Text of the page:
Oh my. I can't believe I missed this. It's a letter from Kevin McClatchy to Pirates fans. As with all PR, particularly from McClatchy, you have to read selectively to find out what he's really saying, insofar as he's saying anything at all.
What is Humberto Cota doing in that sentence? If your "solid nucleus" includes Humberto Cota, perhaps it's not actually not that solid.
More importantly, what is Craig Wilson not doing in that sentence? This makes me wonder if he'll be brought back next year.
Oh, he's a clever one... he mentions the Pirates have the "flexibility" to increase payroll to between $45 and $50 million, but doesn't say they're actually going to do it.
More to the point, I'm not sure exactly how they're going to do it even if they want to. The Pirates need a third baseman; the only available players who would be likely to help them there would be Bill Mueller and Nomar Garciaparra. They might also try to get a corner outfielder; the best players there are Brian Giles, Johnny Damon, Reggie Sanders, and Richard Hidalgo. I'd rather have an arbitration-bound Craig Wilson than Sanders or Hidalgo, and I don't see the Pirates landing Damon or Giles. Beyond that, there are a couple good starting pitchers available, but the Pirates don't need any of those. So, short of them grabbing Nomar, I don't see how the Pirates are going to acquire an impact bat here, at least not without displacing someone who needs to play. (They could acquire Garciaparra or Rafael Furcal and let one of them play a lot at shortstop; that would help. But they seem commited to Jack Wilson there.)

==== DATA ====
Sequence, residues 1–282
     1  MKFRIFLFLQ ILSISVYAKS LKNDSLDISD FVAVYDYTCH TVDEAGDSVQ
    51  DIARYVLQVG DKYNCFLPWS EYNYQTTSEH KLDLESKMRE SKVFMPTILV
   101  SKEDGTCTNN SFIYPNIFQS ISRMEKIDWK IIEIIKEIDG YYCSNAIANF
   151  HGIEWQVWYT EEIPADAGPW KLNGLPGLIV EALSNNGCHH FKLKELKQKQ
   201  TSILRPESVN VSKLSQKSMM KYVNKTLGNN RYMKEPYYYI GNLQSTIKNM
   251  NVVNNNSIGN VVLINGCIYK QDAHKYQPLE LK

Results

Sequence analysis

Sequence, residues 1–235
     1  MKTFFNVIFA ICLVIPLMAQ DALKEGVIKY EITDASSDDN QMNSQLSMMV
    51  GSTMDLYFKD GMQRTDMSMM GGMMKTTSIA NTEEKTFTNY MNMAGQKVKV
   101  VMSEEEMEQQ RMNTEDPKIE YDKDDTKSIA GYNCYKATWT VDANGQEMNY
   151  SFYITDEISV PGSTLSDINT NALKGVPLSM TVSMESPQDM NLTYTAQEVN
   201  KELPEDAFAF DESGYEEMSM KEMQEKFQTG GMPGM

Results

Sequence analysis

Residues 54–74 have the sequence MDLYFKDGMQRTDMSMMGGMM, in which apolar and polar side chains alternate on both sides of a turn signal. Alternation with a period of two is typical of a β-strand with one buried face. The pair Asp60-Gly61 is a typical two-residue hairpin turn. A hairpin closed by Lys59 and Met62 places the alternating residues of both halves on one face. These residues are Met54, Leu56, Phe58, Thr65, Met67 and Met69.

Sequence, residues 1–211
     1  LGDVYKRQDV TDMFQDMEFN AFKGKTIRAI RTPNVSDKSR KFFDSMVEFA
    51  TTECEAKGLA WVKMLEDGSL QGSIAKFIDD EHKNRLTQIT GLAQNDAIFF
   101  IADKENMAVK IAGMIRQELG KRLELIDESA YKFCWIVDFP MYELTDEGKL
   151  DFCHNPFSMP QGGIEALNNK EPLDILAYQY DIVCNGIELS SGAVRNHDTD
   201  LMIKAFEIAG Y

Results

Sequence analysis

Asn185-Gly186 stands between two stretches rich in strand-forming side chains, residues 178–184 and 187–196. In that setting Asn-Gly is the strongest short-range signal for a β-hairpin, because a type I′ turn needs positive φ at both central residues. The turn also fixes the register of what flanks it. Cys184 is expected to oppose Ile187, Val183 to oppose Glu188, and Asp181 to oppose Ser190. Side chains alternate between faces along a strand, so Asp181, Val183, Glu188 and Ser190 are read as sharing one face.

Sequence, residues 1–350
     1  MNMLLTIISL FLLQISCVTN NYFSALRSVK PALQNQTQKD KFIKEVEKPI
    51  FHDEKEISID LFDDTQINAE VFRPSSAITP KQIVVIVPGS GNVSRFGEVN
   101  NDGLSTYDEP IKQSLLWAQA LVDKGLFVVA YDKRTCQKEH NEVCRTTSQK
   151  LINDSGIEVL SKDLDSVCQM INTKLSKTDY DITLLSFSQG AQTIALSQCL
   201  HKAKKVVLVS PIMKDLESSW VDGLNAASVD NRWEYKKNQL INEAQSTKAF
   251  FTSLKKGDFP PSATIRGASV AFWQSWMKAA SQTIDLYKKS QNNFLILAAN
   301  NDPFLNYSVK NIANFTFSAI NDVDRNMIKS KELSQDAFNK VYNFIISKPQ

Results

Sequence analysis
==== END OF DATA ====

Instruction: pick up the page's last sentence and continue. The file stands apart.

It's likely, then, that the Pirates are going to A) not use this money at all or B) use it to acquire role players, or to turn potential key players they already have into role players. For example, I could see them acquiring someone like Sanders, then using Craig Wilson to get 450 at bats filling in at the corner outfield positions and at first base. That might help the Pirates a little, but it would hardly provide the jolt the offense needs.
The Pirates might also pursue a trade this offseason. That might be the best way to acquire an impact bat. The possibility of them doing this scares me, though; the main commodity the team has is young pitching, and they still have the same GM who thought that Bronson Arroyo was worth nothing and that Leo Nunez had the same value as Benito Santiago.
(It's kind of a shame, by the way, that the Pirates don't need a first baseman. Paul Konerko is available. They might also have gotten very good production from Erubiel Durazo without spending a lot of money.)
Here, again, is a good free agent page.